Wednesday, December 23, 2009

The Cairn

Three strangers they were. Walking down the narrow road, eating the grass, and closing in behind them was a county sheriff patrol car. They came to be known as Nicodemus, Gandalf and Henney. We stopped the car in surprise; it isn’t every day the two mules and a donkey come strolling down the drive with a police escort. They were shaggy and rough, the poor condition of their hooves apparent even from a hundred yards away.

“These belong to you?” The sheriff asked. They didn’t of course. He looked a bit perplexed. It seems they had been wandering about, getting into yards and otherwise inconveniencing the locals for a day or so. I spoke with the officer and, after hearing the situation, offered to contain them in a makeshift corral until their origins and disposition could be determined. My wife would tell you that this was my first mistake. I may agree, but I am better for the choice. It was thus that I came to be the legal custodian of three rather unwanted chunks of livestock.
I took some long saplings that I had cut for other purposes and threw together a small corral, attached to the little shed built on the property. I had straw left over from the house still, stored a few miles away in my uncle’s barn, so I spread a thick layer of it on the floor of the shed and brought the mules over. The two big ones had to be herded in, the little gray donkey spent the whole time I was building the fence tagging along on my heels. Once, he tried to steal my hammer but dropped it as he turned to run. It was the beginning of a friendship. A manly kind of friendship that involved biting, kicking and a few smacks upside the head with a feed bucket. The corral complete I herded the beasts in and pondered the options. I knew they needed a vet to look them over but money wasn’t exactly flowing from my ears. They had serious hoof trouble. The two mules had obviously foundered, a serious condition that occurs when a equine animal is given a high carbohydrate diet over a period of time. Aside from liver damage, it screws up their ability to process proteins in the body. A horses hooves are almost all protein so this is one area that it manifests itself. The hoof changes shape and grows very fast as the body tries to rid itself of the excess protein synthesized by the body. This growth is not consistent across the hoof and it grows in a strange shape as well. The big jack mule’s hooves were cracked and misshapen but the little mule was really bad. Her front hooves were curled around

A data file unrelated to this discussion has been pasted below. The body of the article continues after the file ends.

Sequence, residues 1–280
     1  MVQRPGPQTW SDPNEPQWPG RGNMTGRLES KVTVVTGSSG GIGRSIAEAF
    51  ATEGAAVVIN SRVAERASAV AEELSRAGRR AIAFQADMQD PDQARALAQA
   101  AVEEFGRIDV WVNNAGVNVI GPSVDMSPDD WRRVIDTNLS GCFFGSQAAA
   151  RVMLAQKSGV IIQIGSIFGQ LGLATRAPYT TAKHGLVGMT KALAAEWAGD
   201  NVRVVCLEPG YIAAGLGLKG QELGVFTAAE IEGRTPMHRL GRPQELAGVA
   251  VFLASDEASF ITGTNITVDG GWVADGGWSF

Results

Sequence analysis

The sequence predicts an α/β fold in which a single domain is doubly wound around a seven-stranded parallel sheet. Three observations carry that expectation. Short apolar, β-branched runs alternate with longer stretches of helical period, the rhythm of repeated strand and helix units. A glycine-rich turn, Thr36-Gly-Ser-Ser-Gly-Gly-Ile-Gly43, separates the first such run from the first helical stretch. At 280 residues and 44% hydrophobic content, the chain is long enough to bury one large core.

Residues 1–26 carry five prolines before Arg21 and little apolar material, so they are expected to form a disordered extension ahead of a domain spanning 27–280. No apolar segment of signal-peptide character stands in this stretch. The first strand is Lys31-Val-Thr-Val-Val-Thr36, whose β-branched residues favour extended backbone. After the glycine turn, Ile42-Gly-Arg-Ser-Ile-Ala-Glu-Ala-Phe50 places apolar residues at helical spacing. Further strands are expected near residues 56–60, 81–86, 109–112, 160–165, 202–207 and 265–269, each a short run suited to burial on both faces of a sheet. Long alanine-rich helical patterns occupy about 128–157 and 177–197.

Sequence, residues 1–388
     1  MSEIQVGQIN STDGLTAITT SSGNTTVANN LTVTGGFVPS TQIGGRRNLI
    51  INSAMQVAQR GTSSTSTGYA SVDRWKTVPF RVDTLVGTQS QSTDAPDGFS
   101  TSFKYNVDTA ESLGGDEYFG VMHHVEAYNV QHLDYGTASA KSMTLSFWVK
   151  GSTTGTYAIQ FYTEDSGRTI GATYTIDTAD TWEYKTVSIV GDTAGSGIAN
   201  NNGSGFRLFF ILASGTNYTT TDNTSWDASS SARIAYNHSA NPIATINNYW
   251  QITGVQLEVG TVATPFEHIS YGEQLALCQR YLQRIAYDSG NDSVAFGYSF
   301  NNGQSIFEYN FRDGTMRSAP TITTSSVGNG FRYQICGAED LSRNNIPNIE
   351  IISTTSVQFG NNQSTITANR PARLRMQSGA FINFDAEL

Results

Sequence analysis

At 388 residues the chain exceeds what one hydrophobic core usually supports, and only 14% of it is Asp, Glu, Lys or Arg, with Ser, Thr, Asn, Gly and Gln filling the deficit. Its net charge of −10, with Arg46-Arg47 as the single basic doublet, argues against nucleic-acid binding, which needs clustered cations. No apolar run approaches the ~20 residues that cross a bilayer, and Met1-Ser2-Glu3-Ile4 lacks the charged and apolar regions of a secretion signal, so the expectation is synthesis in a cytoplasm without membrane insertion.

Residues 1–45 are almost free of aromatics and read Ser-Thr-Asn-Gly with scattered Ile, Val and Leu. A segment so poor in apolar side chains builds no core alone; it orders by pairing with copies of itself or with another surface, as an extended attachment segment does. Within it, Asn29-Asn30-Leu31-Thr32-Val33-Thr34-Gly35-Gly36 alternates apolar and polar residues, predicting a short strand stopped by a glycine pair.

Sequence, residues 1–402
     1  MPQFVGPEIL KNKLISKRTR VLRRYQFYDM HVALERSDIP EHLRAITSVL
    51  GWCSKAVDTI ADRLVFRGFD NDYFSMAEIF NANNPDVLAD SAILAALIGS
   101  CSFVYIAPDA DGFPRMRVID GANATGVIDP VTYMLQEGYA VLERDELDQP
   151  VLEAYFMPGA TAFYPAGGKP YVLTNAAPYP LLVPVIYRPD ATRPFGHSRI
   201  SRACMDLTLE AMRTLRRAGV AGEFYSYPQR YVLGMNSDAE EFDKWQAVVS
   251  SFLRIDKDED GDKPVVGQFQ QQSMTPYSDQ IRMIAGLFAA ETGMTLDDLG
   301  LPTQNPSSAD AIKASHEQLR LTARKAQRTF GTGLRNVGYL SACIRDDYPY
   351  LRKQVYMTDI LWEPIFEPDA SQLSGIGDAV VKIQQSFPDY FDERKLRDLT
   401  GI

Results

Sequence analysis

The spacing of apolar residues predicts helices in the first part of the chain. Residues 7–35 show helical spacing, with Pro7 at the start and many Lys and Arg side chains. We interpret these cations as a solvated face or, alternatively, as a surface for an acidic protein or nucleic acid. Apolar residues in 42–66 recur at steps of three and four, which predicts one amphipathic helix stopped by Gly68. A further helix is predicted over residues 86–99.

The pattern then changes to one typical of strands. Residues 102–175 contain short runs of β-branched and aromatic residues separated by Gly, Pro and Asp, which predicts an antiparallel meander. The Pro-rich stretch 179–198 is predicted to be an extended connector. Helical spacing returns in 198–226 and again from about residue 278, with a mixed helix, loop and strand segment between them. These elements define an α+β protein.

and looked like a funky upside down candy- cane on the end of each leg. The only one who looked fairly spunky was the little donkey who, aside from being incredibly fat, was the picture of ornery donkeyness.
I called a local Ferrier and he came out the next day. We had to give the little mule some kind of sedative and he went to work. Her back hooves were alright, just a little chipped. The front, on the other hand, were a lost cause. The adept gentleman had to trim them with a hacksaw and, though he did his best, he still got into the quick a bit and the mule shuddered with each stroke of the saw. The smell of the blood did little to calm the others. Her hooves never healed and split mercilessly.